There's some great info out there but we're still in the infant stages of working it effectively. It's hard because the people who could benefit the most from this have the time factor - working a job to pay the rent, then trying to fit in the remaining time all the elements involved in artistic creation, some time for themselves to keep sane, and you're not left with much time to properly leverage these tools. So finding some way to be able to better market what we do, thus being able to create more revenue I think needs to be part of this larger discussion.
Earlier today I was at Word on the Street and stopped by the Toronto Star tent where there was a session with Geoff Pevere (book critic), Peter Howell (film critic), and the ever controversial Richard Ouzounian talking about what they do and I was reminded of the power that Ouzounian has to control the success of a show. If he raves about it, the sales get a huge jump. If he dislikes it, the show stalls. And all that boils down to one person's opinion and that is not something that can be predicted or show up as a line item in a budget. And I know the power of the critics is a whole other discussion but I feel it's something that has to be addressed at some point. It plays into audience education, when we get that far.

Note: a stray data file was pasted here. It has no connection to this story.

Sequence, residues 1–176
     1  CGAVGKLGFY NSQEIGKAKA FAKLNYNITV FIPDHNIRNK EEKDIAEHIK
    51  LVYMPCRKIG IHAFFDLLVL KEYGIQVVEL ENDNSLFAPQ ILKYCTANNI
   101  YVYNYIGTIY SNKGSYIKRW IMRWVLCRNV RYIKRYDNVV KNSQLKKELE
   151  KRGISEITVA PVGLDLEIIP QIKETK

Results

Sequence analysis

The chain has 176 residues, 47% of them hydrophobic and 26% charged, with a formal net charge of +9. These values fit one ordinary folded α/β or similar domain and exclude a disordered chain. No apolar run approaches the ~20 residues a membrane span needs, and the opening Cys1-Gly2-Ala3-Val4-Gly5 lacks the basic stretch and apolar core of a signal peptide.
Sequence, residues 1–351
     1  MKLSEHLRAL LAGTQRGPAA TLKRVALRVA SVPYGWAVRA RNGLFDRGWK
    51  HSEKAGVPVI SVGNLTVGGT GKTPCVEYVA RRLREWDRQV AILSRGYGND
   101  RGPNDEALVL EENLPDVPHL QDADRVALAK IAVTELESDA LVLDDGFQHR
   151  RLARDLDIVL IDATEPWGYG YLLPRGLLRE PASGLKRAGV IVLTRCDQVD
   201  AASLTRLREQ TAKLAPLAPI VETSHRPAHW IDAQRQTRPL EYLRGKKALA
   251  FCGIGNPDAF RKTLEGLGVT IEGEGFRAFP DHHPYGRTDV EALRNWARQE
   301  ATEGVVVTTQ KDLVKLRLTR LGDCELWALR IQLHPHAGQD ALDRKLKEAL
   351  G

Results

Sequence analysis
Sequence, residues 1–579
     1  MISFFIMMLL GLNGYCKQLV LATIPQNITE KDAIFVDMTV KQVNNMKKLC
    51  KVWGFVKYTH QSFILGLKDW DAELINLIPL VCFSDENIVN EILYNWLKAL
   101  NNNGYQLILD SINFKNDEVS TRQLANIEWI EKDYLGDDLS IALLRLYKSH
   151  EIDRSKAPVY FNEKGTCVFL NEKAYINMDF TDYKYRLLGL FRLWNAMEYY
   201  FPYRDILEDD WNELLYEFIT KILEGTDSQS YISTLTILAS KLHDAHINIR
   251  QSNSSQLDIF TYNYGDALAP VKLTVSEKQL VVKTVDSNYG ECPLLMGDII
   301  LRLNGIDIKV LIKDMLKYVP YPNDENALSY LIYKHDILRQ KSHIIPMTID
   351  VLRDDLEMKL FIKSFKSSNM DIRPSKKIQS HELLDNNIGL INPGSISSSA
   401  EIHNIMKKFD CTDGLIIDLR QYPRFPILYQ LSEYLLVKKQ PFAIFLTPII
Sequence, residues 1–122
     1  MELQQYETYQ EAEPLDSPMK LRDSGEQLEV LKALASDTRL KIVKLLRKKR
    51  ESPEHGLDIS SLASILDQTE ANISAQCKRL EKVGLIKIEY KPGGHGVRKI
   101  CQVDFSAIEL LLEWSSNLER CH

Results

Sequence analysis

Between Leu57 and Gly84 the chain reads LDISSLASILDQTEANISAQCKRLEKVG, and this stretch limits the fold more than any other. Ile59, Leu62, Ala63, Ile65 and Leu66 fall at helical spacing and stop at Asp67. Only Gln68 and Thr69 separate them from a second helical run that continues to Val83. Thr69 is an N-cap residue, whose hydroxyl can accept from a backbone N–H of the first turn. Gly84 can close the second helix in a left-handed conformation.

There's so much more I want to say but it's really, really late. And to think a year ago I was struggling to come up with content!
So in summation (short posts are really not my strong suit) I'm getting my wish of having the discussions of both how we can rethink the funding models to be more effective, a discussion that's been born out of necessity of trying to relate to the group of people who have a huge problem with their tax money going to the arts; and the realization of the extent of the PR problem and a commitment towards remedying it. All in all, a good week's work.